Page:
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VIEW SOLUTIONS TO COMMON PROBLEMS
Lower Control Arm
Lower Ball Joint
Outer Tie Rod End
Select a part to view solution for common problems associated with the item.
Operation: The axle nut holds the CV axle to the wheel bearing hub. Advice: Most axle nuts are staked to lock them in place after tightening. Before you can remove the axle nut you must first straighten out the staked area of the old axle nut. If you are working without an air impact gun, loosen the axle nut while the wheel is still on the ground. If possible have an assistant hold their foot on the brake. Most manufacturers recommend not to reuse the old axle nut. Recommendations: New axle nut.(should come with new axle)
Operation: The lower control arm houses the lower ball joint and locates the steering knuckle on the bottom end. The lower control arm pivots on the end that is attached to the frame which allows for the up and down motion of the suspension during driving. Advice: In order to remove the axle shaft you must disconnect the lower ball joint from the steering knuckle and pry down on the lower control arm until the lower ball joint separates from the steering knuckle. On some vehicles this part can be made easier by disconnecting the sway bar from the lower control arm on the opposite side.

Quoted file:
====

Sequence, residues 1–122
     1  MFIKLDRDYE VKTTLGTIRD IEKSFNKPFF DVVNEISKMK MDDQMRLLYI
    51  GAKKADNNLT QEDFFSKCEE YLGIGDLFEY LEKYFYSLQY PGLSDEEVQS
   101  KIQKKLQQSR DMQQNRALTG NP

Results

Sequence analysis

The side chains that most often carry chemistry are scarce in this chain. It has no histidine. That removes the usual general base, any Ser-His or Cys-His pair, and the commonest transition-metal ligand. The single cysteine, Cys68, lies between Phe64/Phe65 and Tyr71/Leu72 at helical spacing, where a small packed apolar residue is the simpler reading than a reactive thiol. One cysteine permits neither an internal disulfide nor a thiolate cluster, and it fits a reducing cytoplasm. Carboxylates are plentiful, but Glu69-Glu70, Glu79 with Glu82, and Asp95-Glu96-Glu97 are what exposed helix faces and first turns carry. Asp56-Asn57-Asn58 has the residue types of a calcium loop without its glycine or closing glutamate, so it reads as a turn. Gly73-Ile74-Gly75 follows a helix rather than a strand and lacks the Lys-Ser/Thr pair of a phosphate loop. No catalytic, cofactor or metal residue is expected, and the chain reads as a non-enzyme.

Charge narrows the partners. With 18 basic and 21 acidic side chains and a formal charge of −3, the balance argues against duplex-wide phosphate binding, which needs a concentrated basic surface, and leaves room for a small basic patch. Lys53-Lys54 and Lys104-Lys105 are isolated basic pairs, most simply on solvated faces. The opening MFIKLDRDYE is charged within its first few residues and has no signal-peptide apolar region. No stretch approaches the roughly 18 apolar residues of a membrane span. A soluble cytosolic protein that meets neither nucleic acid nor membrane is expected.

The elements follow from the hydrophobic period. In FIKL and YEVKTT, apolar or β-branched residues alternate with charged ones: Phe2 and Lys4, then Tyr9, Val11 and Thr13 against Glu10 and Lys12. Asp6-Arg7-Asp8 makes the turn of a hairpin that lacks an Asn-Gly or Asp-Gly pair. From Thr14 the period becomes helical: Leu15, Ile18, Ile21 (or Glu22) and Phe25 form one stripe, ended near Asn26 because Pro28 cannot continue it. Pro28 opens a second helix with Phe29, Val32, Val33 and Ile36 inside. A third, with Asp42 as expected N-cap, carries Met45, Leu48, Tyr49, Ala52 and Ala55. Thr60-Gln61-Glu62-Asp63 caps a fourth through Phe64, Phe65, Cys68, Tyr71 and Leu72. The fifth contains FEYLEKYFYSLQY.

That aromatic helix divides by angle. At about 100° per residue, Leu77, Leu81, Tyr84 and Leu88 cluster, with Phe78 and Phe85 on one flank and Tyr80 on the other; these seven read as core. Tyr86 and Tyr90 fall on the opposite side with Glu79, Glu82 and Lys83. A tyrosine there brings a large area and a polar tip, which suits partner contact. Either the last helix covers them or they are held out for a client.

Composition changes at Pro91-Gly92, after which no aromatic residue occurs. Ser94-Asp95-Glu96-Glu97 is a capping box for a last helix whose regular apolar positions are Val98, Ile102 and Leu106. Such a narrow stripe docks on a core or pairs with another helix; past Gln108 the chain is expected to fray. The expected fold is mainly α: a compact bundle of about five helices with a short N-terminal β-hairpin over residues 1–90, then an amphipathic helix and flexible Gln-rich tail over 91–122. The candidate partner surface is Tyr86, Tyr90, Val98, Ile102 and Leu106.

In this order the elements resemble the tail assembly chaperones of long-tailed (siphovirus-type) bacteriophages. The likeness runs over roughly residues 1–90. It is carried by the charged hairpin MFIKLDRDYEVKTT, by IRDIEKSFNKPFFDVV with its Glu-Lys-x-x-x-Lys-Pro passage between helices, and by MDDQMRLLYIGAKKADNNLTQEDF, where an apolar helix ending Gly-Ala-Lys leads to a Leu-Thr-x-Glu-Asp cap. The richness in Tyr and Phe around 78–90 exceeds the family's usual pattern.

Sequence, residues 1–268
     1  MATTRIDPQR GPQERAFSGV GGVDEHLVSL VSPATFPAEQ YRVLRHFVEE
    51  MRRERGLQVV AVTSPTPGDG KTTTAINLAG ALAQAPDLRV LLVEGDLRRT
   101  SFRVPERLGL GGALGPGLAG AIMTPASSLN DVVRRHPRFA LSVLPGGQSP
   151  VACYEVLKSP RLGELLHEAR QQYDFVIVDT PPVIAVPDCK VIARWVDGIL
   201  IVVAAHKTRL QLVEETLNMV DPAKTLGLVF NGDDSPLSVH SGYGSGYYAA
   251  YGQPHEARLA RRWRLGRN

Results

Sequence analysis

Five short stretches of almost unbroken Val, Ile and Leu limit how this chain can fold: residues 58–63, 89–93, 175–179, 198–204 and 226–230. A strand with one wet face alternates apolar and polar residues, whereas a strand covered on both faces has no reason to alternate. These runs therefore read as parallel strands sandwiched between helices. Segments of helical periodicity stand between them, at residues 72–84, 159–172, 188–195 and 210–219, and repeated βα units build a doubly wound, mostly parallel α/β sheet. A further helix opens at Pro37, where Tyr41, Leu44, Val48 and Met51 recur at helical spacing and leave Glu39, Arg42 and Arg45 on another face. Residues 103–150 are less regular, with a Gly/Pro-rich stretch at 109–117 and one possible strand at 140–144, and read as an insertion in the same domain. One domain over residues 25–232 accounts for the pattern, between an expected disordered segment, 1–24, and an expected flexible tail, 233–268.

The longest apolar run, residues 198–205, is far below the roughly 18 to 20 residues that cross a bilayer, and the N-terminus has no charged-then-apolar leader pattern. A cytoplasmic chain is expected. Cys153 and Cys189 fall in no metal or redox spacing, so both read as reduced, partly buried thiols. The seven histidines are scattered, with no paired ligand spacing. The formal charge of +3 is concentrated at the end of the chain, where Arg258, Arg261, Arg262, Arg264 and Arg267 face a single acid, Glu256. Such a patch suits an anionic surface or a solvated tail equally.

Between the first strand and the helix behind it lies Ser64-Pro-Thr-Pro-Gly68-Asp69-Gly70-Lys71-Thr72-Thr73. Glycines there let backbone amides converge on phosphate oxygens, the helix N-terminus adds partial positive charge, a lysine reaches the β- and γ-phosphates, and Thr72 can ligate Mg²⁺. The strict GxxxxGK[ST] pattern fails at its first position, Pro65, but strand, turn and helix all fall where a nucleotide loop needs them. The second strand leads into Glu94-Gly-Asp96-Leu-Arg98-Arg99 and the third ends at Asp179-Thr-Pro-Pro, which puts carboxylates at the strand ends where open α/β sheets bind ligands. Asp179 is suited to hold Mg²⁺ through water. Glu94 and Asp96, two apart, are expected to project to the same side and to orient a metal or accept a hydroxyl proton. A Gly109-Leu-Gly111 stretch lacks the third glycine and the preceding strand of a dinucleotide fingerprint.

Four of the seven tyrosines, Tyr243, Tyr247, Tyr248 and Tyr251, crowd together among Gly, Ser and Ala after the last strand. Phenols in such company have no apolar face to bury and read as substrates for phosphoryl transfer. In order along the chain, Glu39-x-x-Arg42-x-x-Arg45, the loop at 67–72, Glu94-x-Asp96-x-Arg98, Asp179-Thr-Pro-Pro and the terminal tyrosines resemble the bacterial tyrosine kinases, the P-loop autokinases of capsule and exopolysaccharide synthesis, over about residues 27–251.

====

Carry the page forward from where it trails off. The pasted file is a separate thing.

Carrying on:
Operation: The lower ball joint is mounted between the lower control arm and the steering knuckle. It allows the steering knuckle to turn and pivot up to the limits of the steering and suspension geometry. Advice: Lower ball joints are tested in different ways depending on the type of joint and the year make and model of the vehicle. Some have wear indicators built into them. Check the repair guides for the vehicle that you are working on. If there is any question as to the integrity of the ball joint, now would be a good time to replace it. Recommendations: Repair guides
Operation: The outer tie rod end connects the steering system to the steering knuckle. It uses a ball and socket style joint to allow for the movement of the steering and suspension systems. Advice: To check a tie rod end grasp the tie rod and move it vigorously. There should be no play in the movement of the joint. Some tie rod end joints are spring loaded and will compress to the travel limits of the spring, but should feel firm with no wobble. On most vehicles the CV axle can be removed without having to disconnect the tie rod end. If the tie rod end checks out to be good but must be disconnected to remove the CV axle, use a tie rod end puller. A pickle fork and hammer will destroy the rubber boot on the joint. Recommendations: Tie rod end puller
Operation: Brake pads provide the friction material that when forced against the friction surface of the rotor stops the vehicle. Advice: Removal of the brake pads is generally not needed in the removal of the CV axle. But, any time the wheel is removed is a good time to check the wear of the brake pads and the condition of the rotor.
Operation: The transaxle (and engine) mounts provide the proper alignment for the CV axle, engine and transmission/transaxle, suspension and vehicle frame. Advice: Always inspect all mounts when changing the CV axle. Loose, broken, or missing mounts can cause vibration, misalignment and excessive wear to the CV axle joint and should be replaced. This will prevent premature failure of the replacement axle assembly.